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Big Alex McKenzie and the Last Great Fraud of the Gilded Age

Gold! With the discovery of this treasure in bountiful quantities, the Alaska gold rush of 1900 became the maddest dash of its kind since the 49ers swarmed California a half century earlier. The gold fields of Cape Nome, jutting out into the Bering Sea, could be reached by steamer from Seattle in two weeks, icebergs permitting. Most tantalizing of all, Cape Nome’s gold could be easily found in the ruby-colored beach sands that stretched for many miles along the coast. “Few men become rich by slow economy,” a railroad flier proclaimed. “Fortunes are made by men of nerve and decision who take advantage of opportunities…WOULD YOU LIKE TO BE A MILLIONAIRE?”

But the idea that “few men become rich by slow economy” was not limited in its appeal to the honest toiler with shovel in sweaty palm. The titans of this time—the ‘Robber Barons’ of industry and finance—also cast a posessive eye on the gold bounty. 

 The lure of Alaska’s riches gave rise to a brazen plot involving the outright capture of a federal district court in Alaska— the takeover of nearly all the mechanisms of law and law enforcement in Cape Nome. The mastermind was Alexander McKenzie—Big Alex as his friends from the Dakotas called him. McKenzie, a former frontier sheriff, was a political boss—a mogul in the Republican Party, a maker of U.S. Senators, a man with tight connections to the Executive Mansion, as the White House was then called, and to the nation’s most powerful business magnates.

Naturally, McKenzie planned to give his friends a cut of his venture. This was, after all, the time in American life known as the Gilded Age, and the bosses operated like lords of the realm, dispensing and receiving favors as a matter of course. 

Nowadays, America is in the midst of what might be called a New Gilded Age. The era is marked, as was the original gilded age, by a “rigged game” (to borrow the phrase of Senator Elizabeth Warren of Massachusetts), a system of crony capitalism and crony politics. Most recently, the new coronavirus has exposed the entrenched inequities of today, with Senators selling stock to try to ‘front-run’ the crisis, big-wigs snagging tests ahead of ordinary folks, and physicians hoarding anti-virus medicines so they can write prescriptions for themselves and family members.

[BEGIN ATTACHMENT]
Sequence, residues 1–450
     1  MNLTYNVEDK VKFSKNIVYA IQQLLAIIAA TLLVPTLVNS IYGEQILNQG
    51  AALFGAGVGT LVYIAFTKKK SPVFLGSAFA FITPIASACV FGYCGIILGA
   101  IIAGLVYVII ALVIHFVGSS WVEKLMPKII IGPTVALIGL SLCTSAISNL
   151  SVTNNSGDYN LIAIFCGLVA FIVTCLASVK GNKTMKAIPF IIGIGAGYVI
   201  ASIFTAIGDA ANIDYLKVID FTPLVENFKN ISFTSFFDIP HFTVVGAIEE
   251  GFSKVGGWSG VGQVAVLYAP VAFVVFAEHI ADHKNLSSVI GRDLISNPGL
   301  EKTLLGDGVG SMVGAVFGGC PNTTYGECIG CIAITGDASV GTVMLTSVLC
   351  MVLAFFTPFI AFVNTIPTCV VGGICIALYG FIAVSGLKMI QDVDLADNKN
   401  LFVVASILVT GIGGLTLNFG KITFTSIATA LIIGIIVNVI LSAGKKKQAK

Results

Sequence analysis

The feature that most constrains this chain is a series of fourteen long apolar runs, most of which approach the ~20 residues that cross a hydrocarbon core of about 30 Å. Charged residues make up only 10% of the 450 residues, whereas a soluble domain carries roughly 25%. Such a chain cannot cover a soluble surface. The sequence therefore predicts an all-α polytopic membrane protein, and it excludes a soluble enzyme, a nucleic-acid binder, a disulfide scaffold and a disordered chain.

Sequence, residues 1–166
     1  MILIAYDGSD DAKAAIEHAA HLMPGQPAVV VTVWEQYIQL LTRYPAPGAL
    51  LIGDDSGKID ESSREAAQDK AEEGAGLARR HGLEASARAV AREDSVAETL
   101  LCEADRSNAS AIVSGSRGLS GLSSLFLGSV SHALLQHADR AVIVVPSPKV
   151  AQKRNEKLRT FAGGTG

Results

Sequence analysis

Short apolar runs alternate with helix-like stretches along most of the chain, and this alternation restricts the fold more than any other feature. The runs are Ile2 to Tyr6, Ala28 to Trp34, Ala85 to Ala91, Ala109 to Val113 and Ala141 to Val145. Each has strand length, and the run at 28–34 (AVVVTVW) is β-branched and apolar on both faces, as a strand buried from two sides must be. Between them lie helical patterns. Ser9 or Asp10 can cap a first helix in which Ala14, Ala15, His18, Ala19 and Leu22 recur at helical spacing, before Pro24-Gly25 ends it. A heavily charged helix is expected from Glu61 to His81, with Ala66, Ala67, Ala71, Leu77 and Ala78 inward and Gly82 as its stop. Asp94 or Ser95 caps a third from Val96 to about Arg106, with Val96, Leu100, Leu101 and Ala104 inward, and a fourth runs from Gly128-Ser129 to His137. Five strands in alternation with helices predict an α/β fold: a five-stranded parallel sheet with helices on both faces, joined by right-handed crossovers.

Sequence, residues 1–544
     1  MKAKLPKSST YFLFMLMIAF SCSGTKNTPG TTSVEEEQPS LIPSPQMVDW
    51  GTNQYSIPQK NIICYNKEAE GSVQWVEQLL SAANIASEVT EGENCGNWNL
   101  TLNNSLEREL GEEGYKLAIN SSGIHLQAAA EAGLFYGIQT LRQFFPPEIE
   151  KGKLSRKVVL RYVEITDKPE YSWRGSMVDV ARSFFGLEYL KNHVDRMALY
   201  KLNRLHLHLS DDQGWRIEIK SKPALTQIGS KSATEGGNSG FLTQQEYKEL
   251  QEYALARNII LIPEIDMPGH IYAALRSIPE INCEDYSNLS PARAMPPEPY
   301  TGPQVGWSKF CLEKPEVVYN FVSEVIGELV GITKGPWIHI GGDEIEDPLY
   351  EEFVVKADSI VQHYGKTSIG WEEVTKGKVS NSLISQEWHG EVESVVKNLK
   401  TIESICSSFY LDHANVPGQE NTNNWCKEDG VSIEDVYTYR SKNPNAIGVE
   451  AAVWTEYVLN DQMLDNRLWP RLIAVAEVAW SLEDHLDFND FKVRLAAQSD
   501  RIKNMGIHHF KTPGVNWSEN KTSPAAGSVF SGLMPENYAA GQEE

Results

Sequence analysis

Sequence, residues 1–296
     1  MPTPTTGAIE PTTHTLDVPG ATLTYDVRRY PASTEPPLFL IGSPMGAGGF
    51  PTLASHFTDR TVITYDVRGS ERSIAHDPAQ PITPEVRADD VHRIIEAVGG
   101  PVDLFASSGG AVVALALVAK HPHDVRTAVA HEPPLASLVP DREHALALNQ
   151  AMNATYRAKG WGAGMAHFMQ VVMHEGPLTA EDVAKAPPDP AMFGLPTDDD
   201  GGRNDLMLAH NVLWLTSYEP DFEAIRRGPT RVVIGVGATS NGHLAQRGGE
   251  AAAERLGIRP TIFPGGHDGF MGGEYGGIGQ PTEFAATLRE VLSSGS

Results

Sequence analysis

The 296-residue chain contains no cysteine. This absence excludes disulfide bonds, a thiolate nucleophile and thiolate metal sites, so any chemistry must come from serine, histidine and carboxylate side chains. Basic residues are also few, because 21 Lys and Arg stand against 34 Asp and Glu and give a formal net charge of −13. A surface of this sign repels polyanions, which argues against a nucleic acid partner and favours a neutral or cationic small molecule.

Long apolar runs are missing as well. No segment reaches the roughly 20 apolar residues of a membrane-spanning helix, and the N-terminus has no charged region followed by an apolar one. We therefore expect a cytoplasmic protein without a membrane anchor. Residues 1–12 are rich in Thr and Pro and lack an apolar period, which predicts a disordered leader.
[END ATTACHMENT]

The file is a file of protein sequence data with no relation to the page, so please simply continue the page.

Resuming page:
Human nature, no doubt, is often selfish. A gilded age, though, is distinguished by a kind of concentrated venality, as the craving for private gain at the expense of the public interest and trust emboldens grabs for power that become almost impossible to thwart.

Almost impossible—but not, history shows, entirely so.

McKenzie, possibly through the payment of bribes to members of the Senate, got his Alaska judge. He made off for Cape Nome and had the judge appoint him legal custodian of lucrative gold properties. With this position secured, the plan was to use the court to pry the mines away from their rightful owners and deposit the assets in a shell company controlled by McKenzie. The company would then issue stock on Wall Street, with Big Alex unloading his shares (and those he kept in a secret trust for his buddies) on unsuspecting buyers in the public.

It nearly worked. But the scheme, ultimately, was foiled by indignant miners, a muckraking press, and righteous judges on a federal appeals court in San Francisco. The judges grasped what McKenzie was up to, and when the boss defied their order to stop his plundering of the gold, they sent U.S. marshals to Cape Nome to arrest him. He was convicted of contempt of court and sentenced to jail time in Oakland. Resourceful as ever, he concocted a story about how he was near death from an incurable ailment. His friend, President William McKinley, intervened and freed him from captivity. But while Big Alex lived for decades afterward, he never made it back to Alaska.

McKenzie’s plot to corner Alaska’s gold proved to be the last great swindle of the original gilded age, as this seamy chapter in our national life gave way to what become known as the Progressive Era. America enacted the Seventeenth Amendment to provide for the direct popular election of Senators, so that bosses like Big Alex could no longer use their control of state legislatures to send pet choices to Washington.

Such reforms, of course, always fall short of perfection. Still, America seldom proves as malign or feckless as critics portray the country. A gilded age, whether of the nineteenth century or of the twenty-first, dies not out of exhaustion, but because the people rise up and will its demise.